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The funny thing is…I don’t disagree with you at all. Though, I get the distinct impression that you think that I am working with fictional horses. But, maybe that is my own personal paranoia. I’m not, but I’m also not going to run around trying to prove it. So let’s set it aside.
I agree with you. I think safety in driving is incredibly important to train. And the best way to train it is repetition of always doing it.
I guess my reaction upthread was that I am increasingly seeing people just getting into horses, or just getting into doing new things with their horses, being terrified by their trainers. Or by people on forums. Increasingly we are working with or around people who have no background with horses. If we tell them that the slightest miscue will be certain death, they are going to believe us. And the end result is nervous people with nervous horses and a greater possibility of injury or death.
Working with horses is inherently dangerous. But when we constantly focus on the danger, we forget that for many people the first thing they need to do is be calm and confident. What I saw in the photo was, yes technically a dangerous situation. No question. But of equal importance, I saw a relaxed horse with a comfortable handler (judging by OP’s post). In my opinion that is of equal weight in the long term.

I will keep the reins in my hand unless he is tied.

As to the whip, the photo was taken last month when I was ground driving him. I imagine I had the whip with me as I took the photo. By the way, the seat backs were off the cart for refinishing and to make the ground work less complicated.

Thanks again.


Sorry to have stolen your thunder in driving progess! We are all very glad to hear of your progress and successful driving fun!! The seat cushion comment was aimed at “saving your rearend” while sitting in the cart. Taking seatbacks off for ground driving does have to make rein handling easier, safer with nothing to snag on! Good news on the whip too. Horse looks very comfortable in his harness and cart. Congratulations!! The fun is just beginning!

B and B. I can see that we are thinking similarly, and perhaps with our long horse experiences we are not as apt to respond with panic when surprised by something a horse does, or does not do when driving.

I do see the new or inexperienced with horses, tighten up all over, haul in the reins, over react when surprised. Their usually patient, beginner friendly horse tolerated that. Others treat the horse like a car, can’t read the CLEAR signals horse is giving of being frightened, to then steady him by putting some pressure on the reins so horse knows SOMEONE is going to help him.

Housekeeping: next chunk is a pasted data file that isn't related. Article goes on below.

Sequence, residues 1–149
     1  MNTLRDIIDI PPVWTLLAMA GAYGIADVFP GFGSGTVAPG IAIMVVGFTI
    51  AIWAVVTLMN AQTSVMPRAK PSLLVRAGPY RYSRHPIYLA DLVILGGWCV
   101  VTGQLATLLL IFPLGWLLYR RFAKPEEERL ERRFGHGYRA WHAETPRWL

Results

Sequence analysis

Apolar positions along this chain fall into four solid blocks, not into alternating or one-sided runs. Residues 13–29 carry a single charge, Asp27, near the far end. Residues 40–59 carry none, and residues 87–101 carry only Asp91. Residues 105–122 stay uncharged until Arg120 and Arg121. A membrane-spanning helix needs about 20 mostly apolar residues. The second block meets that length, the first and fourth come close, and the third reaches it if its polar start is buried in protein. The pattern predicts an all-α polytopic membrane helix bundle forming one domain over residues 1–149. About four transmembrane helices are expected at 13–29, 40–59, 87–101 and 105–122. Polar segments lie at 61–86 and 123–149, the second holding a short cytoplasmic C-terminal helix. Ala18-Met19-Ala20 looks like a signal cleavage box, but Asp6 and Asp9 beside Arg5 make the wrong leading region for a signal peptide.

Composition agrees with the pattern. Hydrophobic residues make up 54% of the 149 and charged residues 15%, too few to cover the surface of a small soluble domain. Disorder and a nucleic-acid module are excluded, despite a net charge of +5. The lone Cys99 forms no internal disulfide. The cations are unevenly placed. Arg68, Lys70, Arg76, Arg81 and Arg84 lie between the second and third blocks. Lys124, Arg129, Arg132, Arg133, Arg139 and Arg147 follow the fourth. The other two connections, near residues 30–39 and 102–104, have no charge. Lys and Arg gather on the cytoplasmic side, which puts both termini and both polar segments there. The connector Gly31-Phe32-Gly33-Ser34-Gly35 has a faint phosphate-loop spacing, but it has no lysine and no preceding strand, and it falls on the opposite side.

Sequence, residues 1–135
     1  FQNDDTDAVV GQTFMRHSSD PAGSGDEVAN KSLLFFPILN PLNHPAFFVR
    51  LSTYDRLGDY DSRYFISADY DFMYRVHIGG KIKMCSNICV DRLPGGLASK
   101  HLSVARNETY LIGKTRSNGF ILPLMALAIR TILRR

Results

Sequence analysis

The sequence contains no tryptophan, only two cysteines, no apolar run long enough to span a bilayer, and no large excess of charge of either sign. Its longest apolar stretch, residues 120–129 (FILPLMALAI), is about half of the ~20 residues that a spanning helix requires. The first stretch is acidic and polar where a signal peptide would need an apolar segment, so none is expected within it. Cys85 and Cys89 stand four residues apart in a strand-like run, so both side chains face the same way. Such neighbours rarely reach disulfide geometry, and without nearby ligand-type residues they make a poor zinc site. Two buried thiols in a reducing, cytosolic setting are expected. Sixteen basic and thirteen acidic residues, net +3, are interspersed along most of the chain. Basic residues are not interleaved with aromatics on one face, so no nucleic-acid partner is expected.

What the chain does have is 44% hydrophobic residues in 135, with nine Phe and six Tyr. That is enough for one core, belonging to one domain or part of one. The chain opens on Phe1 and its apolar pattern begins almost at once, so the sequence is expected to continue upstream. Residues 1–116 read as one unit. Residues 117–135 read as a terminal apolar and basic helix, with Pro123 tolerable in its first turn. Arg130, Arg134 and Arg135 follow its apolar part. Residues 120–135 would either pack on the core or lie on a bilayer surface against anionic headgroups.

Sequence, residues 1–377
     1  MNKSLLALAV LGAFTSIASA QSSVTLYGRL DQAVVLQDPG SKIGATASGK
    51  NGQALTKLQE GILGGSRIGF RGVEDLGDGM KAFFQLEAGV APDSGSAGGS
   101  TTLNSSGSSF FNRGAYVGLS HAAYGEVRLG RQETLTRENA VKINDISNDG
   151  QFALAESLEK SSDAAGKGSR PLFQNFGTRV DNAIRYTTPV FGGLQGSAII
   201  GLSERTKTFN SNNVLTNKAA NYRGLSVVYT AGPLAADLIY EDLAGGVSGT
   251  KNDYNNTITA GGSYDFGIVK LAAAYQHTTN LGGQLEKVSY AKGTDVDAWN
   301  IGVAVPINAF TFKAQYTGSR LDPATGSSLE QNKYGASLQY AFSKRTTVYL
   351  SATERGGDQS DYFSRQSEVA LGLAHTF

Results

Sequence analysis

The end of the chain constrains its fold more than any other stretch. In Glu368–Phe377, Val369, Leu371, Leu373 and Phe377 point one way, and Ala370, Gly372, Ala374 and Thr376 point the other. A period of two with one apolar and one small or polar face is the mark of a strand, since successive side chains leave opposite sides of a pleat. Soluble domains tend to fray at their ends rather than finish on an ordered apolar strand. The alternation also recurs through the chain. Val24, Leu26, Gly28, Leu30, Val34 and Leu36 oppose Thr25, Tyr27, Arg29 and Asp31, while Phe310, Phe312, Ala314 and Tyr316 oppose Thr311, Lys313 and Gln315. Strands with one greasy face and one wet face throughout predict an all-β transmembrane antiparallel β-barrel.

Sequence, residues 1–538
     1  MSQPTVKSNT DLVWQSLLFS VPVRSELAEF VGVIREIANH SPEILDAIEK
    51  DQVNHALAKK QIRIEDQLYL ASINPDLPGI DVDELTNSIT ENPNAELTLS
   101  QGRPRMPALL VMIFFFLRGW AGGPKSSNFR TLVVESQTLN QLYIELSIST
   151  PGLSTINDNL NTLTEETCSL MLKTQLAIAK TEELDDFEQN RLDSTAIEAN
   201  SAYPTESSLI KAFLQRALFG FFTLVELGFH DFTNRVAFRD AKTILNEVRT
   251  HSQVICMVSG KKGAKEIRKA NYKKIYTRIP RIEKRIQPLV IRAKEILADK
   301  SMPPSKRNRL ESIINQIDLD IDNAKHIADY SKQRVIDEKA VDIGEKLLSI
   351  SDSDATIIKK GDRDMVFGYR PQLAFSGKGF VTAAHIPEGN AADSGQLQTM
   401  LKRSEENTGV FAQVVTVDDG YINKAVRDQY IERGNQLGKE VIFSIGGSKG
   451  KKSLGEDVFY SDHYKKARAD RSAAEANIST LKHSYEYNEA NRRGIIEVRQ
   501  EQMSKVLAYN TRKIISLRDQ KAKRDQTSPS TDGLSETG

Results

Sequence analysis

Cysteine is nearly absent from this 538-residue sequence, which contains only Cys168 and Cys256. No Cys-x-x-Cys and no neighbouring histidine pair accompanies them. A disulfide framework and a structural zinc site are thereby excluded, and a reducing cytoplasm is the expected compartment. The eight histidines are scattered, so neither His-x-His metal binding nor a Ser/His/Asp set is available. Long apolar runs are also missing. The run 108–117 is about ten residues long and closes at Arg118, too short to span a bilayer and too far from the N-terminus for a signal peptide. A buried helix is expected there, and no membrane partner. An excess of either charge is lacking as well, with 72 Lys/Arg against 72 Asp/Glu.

You can’t teach these things without spending time with a horse, time spent driving to learn their horse and his reactions. Unfortunately, a number of people don’t stay with the horses long enough to learn these skills. They tire of the work to enjoy the horse or scare themselves out of horses.

And you cannot control these other driver’s reactions! Even experienced drivers will surprise you by freezing in a situation. Newer drivers may not have a clue of the proper reaction. Making horse go FORWARD is usually safest, light whip touch if horse ignores voice. This is why you have whip-in-hand at all times. Never know when you may need it. No time to be pulling it out of the whip holder, THEN use it.

As bystanders, you have to keep reminding them of safety to keep YOURSELF and others from harm. We try to quietly set a good example in handling, hitching and unhitching with lead ropes on, a header, being safe. This is a big “danger” time for accidents to start. We don’t hold conversations when hitching and unhitching. Such distractions are dangerous, you miss doing things properly. Rules in place, like never removing the bridle of a hitched horse, are posted at shows, gatherings to keep it safe. Ignoring the rules will get you sent home!! What drivers do at home is their choice, but not acceptable at driving activities because of the danger to others.

I will agree that horses should not panic with a bit of casual handling, but not all horses are the same. Our horses are extremely accepting of many things, we work to train them that way. But they could still react poorly to something they never encountered before. So there are never reins laying on the dash, without a groom or header at their faces. We never offer them that choice in their reactions. Training on driving horses is usually MUCH more complete than in other horse uses. Horses have to be very accepting to even get hitched calmly and pulling things on the ground. They MUST have solid basics to progress to vehicles and that is a lot of training time. They respond correctly to only voice commands, ignore noisy vehicles, constant pulling on the harness by shafts or pole during travel, along with other distractions around them. But a solid horse is helped by their confident driver knowing they are doing things correctly, being as safe as possible.